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The triumph of the defeated

At the dawn of the eve of the Passover, the Jews took Jesus and accused him of being a criminal.

The question formulated from the very first interrogation that the prosecutor puts to Jesus is the most delicate, “Are you the King of the Jews?”

The Jews had a gut hatred towards the foreign rule of the Romans, who had been ruling over Israel for years. There were unsuccessful attempts to overthrow them.

The dialogue on kingship
that elapsed between Jesus and Pilate is placed in this historical context.

“Are you the king of the Jews?” aims to point out the charge and reveals the perplexity of Pilate who finds himself in front of a man, unarmed, with no soldiers to defend him, abandoned by his own friends and slapped by a servant Annas.

He does not seem the kind that can endanger the power of Rome.

 Jesus responds with a counter question, to force the prosecutor to take responsibility, “Does this word come from you, or did you hear it from others?” That is, do you have any reason to call me seditious, or are you paying attention to gossips? 

Was not my reaction to the attempt of a disciple who drew his sword not referred to you (John 18:10-11)?

 Pilate’s reply is almost resentful: “Am I a Jew?” That is: I am a Roman official and I administer justice in an autonomous way.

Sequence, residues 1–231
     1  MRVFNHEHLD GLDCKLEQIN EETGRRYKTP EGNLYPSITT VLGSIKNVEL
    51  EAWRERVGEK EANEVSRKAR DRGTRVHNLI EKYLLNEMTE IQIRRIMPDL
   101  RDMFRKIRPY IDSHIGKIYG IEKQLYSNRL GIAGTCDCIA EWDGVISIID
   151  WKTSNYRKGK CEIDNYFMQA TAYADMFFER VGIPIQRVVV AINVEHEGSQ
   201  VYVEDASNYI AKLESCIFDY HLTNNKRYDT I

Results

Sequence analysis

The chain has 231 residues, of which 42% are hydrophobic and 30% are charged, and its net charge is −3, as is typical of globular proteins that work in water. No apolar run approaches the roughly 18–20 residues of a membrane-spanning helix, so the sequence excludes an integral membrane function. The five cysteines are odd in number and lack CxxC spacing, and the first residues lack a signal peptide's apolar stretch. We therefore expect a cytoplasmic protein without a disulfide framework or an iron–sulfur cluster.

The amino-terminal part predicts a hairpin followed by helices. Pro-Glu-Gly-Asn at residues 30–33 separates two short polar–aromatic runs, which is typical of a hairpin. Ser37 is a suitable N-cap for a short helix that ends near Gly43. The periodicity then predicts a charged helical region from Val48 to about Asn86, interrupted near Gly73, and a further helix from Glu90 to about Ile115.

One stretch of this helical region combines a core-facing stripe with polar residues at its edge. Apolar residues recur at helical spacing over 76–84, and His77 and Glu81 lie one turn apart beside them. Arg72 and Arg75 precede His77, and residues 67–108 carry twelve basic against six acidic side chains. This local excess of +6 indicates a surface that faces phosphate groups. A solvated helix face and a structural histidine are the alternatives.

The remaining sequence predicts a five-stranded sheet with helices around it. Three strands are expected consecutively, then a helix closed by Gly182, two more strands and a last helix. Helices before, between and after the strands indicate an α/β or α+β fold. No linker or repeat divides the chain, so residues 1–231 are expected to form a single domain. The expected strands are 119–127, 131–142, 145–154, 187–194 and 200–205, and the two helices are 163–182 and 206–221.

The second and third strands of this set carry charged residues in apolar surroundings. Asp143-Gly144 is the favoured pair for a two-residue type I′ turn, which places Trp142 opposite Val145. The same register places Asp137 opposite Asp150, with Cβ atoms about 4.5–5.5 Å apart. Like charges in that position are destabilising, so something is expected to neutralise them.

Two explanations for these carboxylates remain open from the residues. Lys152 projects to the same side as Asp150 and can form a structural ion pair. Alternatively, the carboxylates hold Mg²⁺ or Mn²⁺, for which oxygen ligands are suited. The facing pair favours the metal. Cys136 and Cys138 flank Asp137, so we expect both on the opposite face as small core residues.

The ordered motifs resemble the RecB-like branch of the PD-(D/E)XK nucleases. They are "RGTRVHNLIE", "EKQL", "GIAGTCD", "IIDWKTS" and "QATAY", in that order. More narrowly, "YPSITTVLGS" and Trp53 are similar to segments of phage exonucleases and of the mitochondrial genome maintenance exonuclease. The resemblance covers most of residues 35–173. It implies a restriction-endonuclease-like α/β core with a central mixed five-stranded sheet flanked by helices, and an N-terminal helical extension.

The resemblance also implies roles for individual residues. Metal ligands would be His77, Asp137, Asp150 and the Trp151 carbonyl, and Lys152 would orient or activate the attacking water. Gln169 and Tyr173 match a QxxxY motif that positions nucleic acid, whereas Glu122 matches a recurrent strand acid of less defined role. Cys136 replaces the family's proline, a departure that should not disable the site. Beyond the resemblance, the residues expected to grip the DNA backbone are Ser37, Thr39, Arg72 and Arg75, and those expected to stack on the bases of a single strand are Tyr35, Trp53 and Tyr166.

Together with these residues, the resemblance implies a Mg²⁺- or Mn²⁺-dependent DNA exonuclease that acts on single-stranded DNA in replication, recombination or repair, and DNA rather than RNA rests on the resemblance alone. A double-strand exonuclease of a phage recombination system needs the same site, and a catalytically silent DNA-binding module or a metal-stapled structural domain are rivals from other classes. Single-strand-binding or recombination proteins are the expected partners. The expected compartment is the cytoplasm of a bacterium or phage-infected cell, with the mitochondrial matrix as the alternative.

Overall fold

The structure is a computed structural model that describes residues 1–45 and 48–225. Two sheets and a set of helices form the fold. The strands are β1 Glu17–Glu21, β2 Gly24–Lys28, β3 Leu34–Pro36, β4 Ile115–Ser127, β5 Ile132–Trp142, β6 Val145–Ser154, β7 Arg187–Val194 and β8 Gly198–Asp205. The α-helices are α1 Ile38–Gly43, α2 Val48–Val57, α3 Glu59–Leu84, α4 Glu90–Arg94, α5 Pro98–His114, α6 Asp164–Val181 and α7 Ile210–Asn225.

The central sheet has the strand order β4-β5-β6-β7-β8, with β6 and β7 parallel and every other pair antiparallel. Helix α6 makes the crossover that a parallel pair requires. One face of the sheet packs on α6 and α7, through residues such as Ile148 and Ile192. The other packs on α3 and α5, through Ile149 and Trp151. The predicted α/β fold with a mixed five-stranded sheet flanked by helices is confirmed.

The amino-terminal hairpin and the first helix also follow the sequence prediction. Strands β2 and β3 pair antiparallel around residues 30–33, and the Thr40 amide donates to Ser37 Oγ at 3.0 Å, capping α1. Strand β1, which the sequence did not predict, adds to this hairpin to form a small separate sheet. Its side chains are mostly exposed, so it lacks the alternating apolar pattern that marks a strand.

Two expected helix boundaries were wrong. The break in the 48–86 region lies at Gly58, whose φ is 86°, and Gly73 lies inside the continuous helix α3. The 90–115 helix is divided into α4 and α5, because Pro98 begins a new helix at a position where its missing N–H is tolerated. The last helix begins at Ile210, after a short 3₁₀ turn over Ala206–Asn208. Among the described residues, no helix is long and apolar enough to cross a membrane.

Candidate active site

He continues: “Your own nation and the chief priests have handed you over to me; what have you done?” (v.35).

It is at this point that the theme of the kingship of Christ comes alive.

Jesus tries to help the procurator to understand: “My kingship does not come from this world” (v.36).

 Pilate knows only the kingdoms of this world. He has in mind the well-defined characteristics of the kingdoms of this world.

They are carried out by men moved by ambition. They base themselves on the use of force and money, are defended by force of arms.

 That of Jesus has nothing in common with these realms. For Jesus force and money are signs of weakness and defeat. For him, great is he who serves.

 Pilate does not understand what Jesus is talking about. He only manages to make him a generic question: “So you are a king?” (v.37). 

Jesus has always reacted harshly to those who had tried to make him adhere to a royalty of this world. 

However, now that he is defeated, his hours counted and  no longer with any possibility of misunderstanding, before the  pagan world, he solemnly proclaims: “Yes, I am king.”

At the end of the trial and punishment, on the scaffold, Pilate put an inscription in three languages: Hebrew, Latin and Greek, to be read and understood by all: “Jesus the Nazorean, the King of the Jews” (John 19:19).

Without realising it, the representative of the most powerful kingdom of this world officially recognised the kingship of Jesus. 

When the chief priests protested and asked him to have it rectified, he said that the statement was irreversible: “What I have written, I have written” (John 19:22). He, the depositary of the authority of the emperor, could not change it.

The victory of the vanquished had begun with their king lifted up on the cross. No kingdom of this world was now more able to halt the advance.

This was the big surprise of God.

Father Fernando Armellini CMF